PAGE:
The Shingon Buddhist View Of Life
We who have been born as human beings in this world face the great
human questions of how to live, how to die, and what happens after
death. Buddhism teaches the way to enlightenment against the background
of the idea of transience in regard to the problems of birth,
old age, illness, and death.
Young people think that their lives are limitless, and live with
great hopes and dreams. This is to be thought of as a good thing.
However, as people get older, they come to feel day by day the
limits of their own lives.
Odaishisama described his later years in which he secluded himself
in a room, burned incense, made offerings of flowers, chanted
sutras and led his mind through the Three Mysteries of the Buddha.
He passed the days in this manner, and said,
What he expressed was his determination to enter into Eternal
Meditation. There are some differences in the way in which faith
is viewed by Saicho, Dogen, Eisai, Honen, Shinran, and Nichiren,
all of whom are founders of Buddhist sects in Japan; but they
all agree on the matter of having to return to the Pure Land where
the Buddha exists. This we are able to know from the letters written
at the end of their lives. At the beginning of "The Precious Key
to the Secret Treasury," Odaishisama wrote,
Born, reborn, and born again,
The beginnings of their births they do not know.
Dying, dying, and dying once again,
The end of their deaths they do not know.
Here he laments the human condition in which people know nothing
about their previous births, and remain in the dark about the
strange world they go to after they die. Odaishisama is indicating
through this passage that our "life and minds" can rely on the
limitless world of the Buddha that lives in the past, present,
Odaishisama's Shingon Esoteric view of life is based on the idea
of the how things originate with the Six Great-Elements of earth,
water, fire, wind, space, and consciousness, which we dealt with
earlier as the Life of the Six Great-Elements. The word "great"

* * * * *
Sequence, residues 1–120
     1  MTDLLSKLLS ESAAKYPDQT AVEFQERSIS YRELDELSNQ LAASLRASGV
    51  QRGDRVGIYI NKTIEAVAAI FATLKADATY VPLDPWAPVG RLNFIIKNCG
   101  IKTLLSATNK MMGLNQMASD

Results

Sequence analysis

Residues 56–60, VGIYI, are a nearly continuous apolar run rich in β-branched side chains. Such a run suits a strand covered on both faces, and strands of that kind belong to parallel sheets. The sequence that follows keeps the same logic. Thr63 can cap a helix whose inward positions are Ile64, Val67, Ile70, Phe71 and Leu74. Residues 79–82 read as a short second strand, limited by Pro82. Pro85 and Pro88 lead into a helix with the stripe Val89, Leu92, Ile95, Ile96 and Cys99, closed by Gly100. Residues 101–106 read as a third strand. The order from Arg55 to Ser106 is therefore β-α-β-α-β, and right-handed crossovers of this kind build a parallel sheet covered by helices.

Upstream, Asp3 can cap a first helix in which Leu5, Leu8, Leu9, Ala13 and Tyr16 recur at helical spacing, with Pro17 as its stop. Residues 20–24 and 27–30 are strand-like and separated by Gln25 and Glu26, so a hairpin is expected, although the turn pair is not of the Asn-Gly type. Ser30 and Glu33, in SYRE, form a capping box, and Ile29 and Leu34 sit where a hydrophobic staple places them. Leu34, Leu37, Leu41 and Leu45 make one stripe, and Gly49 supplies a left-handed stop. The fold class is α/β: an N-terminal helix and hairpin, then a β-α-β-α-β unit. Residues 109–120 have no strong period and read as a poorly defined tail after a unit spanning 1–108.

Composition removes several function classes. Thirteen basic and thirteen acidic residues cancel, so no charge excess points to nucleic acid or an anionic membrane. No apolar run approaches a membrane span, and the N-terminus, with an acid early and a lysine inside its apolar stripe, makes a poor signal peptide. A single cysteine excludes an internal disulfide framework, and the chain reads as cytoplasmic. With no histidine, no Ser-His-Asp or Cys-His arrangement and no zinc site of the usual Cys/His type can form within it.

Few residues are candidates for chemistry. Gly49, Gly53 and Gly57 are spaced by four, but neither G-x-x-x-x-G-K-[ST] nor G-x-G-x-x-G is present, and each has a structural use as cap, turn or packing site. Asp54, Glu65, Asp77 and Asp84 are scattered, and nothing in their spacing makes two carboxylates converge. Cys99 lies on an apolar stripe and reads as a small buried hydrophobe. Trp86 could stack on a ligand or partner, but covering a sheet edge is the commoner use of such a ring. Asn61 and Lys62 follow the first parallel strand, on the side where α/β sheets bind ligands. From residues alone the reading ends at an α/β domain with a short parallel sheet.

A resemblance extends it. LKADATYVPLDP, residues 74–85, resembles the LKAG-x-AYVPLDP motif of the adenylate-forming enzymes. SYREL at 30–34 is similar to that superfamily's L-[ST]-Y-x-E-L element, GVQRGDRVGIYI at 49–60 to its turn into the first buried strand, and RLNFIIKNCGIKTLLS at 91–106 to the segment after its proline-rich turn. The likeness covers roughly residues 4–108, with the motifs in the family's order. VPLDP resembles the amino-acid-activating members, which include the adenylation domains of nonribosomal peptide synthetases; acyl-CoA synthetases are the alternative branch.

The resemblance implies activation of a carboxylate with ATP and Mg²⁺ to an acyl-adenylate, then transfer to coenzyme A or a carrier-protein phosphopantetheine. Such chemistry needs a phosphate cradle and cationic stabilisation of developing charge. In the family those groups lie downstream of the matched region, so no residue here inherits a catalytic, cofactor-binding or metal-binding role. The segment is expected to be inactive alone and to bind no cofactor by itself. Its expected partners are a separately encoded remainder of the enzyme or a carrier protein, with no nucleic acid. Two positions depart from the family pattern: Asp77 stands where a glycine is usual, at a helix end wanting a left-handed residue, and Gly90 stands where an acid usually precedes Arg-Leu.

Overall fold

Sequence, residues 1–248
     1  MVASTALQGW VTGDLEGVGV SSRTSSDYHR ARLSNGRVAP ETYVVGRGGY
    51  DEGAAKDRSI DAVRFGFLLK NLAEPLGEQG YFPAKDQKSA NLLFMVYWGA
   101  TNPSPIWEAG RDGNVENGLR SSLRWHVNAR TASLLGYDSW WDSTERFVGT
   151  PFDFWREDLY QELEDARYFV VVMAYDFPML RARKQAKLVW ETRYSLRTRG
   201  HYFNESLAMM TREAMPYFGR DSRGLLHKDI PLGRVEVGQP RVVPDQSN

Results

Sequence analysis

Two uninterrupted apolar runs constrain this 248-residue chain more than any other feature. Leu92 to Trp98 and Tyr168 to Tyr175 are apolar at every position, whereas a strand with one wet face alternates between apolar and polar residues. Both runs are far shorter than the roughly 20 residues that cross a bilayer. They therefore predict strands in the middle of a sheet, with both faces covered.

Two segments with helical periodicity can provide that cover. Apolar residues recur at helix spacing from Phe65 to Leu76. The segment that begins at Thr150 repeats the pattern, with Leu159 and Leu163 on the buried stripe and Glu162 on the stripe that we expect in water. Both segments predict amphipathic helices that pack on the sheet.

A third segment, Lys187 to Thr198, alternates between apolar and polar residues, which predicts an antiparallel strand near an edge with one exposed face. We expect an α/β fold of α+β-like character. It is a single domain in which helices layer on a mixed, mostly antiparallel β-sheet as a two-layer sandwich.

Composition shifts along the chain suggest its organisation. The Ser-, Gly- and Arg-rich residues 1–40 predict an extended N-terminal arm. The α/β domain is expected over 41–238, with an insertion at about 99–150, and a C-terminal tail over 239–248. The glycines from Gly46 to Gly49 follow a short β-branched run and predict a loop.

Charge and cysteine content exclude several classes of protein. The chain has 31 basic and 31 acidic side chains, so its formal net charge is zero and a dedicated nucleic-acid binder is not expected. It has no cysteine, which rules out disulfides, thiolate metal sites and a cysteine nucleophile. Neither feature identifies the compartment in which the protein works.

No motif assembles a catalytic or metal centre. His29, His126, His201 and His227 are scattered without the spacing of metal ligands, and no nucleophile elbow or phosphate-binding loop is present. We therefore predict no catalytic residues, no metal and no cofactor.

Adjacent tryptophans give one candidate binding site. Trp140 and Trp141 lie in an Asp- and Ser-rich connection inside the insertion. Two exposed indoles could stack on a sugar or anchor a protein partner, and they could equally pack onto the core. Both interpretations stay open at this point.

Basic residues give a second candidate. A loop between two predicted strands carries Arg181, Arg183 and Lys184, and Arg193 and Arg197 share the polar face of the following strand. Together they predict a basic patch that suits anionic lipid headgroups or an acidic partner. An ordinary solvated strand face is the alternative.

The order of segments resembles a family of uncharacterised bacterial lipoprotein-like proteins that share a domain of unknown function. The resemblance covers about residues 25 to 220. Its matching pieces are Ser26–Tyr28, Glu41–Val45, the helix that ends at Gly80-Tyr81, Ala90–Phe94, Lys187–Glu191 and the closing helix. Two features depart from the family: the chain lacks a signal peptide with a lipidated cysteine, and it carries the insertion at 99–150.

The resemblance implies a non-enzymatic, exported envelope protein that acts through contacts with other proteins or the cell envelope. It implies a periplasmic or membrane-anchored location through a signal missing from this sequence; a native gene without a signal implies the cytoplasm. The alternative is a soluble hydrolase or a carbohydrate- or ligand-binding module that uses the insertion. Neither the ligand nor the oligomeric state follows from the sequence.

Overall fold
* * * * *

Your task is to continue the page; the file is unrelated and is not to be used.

in the phrase "Six Great Elements" is easily understandable by
us if it is explained as the great life of the Buddha, and all
of the Six Great-Elements are expressed in the single sanskrit
letter "A" .
The Shingon view of life lies in the realization that there is
no beginning or end to the world of the Buddha expressed by the
letter "A", or, to put it in other terms, that life is eternal
as is indicated by the idea that the letter "A" originally was
not created. The meditation on the letter "A" and the practice
of the Three Mysteries in which we overcome duality and become
one body with Mahavairocana Buddha (Dainichi Nyorai) are not merely
seeking to become a buddha that is limited to a corporeal body
but is an enlightenment that permeates both birth and death. If
this were not the case, then the words that we cited earlier from
Odaishisama ends up being dead words.
What Shingon Buddhism explains as the liberation from birth and
death lies in the point at which the aspiration for the realization
of enlightenment in which we seek to be enlightened becomes one
with the world of the letter "A", and is indicated by what Odaishisama
called "the identity of the letter "A" with the aspiration for
the realization of enlightenment."
The essential thing is to hold fast to the belief expressed in
This poem was added to the end of an eloquent poem written when
Chisen, one of Odaishisama?s beloved disciples, died at the young
age of 37. It reads,
"Sorrow of sorrows:
to realize the uncreated,
in the single letter A."
After living a full life in this world, our finite bodies pass
away according to the law that all living things must die, and
our life force and minds are led by Odaishisama to the world of
the letter "A", which can also be spoken of as the Pure Land of
Mahavairocana Buddha (Dainichi Nyorai) where the seven Buddhas
such as Acala Vidyaraja (Fudo Myoo), Sakyamuni, and Mañjusri (Monju)
Bodhisattva will save each in turn on the seventh day after we
die, the twenty-seventh day, and the thirtieth day. After passing
through forty-nine days, we shall become buddhas.
People who have faith in Shingon Buddhism will be in Dainichi
Nyorai's Pure Land of Mysterious Adornment that spans the past,
present, and future; and will be welcomed in the future after
their deaths in the Tusita heaven, which is the Pure Land of Maitreya
Bodhisattva where they will attain eternal life. Kobo Daishi referred
to this as "ascension to Tusita.
Odaishisama is also living in the Tusita Pure Land of Maitreya
Bodhisattva, and he leads us and saves us in life and death. This
is why we recite the mantra of Maitreya Bodhisattva, "Om maitareiya
sowaka," prior to chanting "Namu Daishi Henjo Kongo" in front
of Kobo Daishi's sanctuary at Koyasan. It is the belief of the
followers of Shingon Buddhism that we live "together with the
Daishi" and go to the Tusita Pure Land, after we die.
©1998,1999 Shingon Buddhist International Institute